Probate – Are You in for the Long Haul?

February 20th, 2019 / CCRJ Law

Probate has a reputation for lasting, well, FOREVER! But, is this always the case? The answer is that each estate is different and the length of time it takes to probate an estate depends on several factors. Some estates settle or close within a few weeks or a few months, while others can take a year or longer.  So, what are some of the factors that determine the amount of time it takes to probate an estate?

  1. Did the deceased have a Will?
  2. Did the deceased appoint a personal representative?
  3. Does the personal representative reside in the same state as the deceased?
  4. Did the deceased provide a list of beneficiaries and are the beneficiaries still living?
  5. Do the beneficiaries agree as to the terms listed in the Will?
  6. Were potential beneficiaries left out of the Will?
  7. Will someone contest the terms of the Will?
  8. Is the estate taxable?
  9. What type of assets are included in the estate?

If the personal representative and the beneficiaries get along, the assets aren’t complicated, and the estate isn’t taxable, the probate process could take just a couple of months. However, if the deceased did not have a Will appointing a personal representative, listing beneficiaries and specific designations of property and any other assets, the process will take much longer.  Probably the biggest factor is the relationship between the beneficiaries and personal representative – if they don’t see eye-to-eye and cannot reach a resolution, it will be necessary to involve the probate court to make a determination.  It will also be an expensive process.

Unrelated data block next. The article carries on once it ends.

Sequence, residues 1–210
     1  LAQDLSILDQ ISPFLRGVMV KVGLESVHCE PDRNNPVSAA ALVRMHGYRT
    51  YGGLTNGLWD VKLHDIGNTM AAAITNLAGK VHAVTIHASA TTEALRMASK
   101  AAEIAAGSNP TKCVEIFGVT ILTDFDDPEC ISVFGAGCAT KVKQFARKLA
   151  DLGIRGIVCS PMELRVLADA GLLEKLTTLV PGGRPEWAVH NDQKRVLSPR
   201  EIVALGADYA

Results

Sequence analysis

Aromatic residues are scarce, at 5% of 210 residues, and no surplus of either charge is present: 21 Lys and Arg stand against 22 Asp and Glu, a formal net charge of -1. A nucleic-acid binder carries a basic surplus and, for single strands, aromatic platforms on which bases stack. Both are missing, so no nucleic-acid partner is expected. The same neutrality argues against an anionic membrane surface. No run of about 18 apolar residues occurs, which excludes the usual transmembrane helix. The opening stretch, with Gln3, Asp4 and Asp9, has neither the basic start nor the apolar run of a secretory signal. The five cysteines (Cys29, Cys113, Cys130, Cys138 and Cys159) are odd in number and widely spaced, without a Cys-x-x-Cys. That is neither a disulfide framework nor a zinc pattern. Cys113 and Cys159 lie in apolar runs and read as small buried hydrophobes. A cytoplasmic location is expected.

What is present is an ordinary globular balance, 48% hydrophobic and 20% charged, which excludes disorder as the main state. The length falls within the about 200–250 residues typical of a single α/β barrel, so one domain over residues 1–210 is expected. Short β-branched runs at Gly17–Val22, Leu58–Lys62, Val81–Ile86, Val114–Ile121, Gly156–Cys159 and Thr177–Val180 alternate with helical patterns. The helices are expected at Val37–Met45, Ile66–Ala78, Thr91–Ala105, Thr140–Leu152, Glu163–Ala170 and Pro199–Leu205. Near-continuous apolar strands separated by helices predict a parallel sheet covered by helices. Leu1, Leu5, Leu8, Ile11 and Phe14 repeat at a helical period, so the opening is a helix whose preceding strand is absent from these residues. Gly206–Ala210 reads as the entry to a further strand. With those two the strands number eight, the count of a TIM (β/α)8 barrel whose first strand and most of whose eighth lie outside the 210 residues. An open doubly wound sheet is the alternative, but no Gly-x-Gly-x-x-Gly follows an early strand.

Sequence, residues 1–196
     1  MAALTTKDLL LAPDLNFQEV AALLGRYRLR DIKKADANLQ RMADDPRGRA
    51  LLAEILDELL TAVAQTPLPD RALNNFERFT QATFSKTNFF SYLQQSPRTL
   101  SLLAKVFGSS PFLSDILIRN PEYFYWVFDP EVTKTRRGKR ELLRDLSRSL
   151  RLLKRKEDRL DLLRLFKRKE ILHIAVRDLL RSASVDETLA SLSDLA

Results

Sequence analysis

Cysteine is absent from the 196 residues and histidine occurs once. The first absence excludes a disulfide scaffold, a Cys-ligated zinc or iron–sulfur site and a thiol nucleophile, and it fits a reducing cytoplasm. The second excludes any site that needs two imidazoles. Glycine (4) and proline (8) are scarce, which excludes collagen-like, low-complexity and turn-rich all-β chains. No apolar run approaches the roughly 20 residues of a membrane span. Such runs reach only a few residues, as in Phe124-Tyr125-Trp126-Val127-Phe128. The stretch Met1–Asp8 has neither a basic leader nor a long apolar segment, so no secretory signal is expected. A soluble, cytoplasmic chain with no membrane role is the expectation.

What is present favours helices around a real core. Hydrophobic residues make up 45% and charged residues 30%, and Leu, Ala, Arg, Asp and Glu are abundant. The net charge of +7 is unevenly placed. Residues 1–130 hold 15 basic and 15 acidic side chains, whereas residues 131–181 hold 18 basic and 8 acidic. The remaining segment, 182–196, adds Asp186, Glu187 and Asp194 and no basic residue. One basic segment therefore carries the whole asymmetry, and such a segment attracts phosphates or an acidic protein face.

The best way to avoid a lengthy probate process is to have your estate documents in order for your loved ones.  A well-drafted Will can save your family time and heartache during the probate process.  Don’t let a failure to have an estate plan create a rift in your family.

If you have any questions about this blog, or wish to start the estate planning process, please contact Anne McMichael (mcmichael@ccrjlaw.com) or Jill Curry (curry@ccrjlaw.com) via email or telephone (303-572-4200) today.

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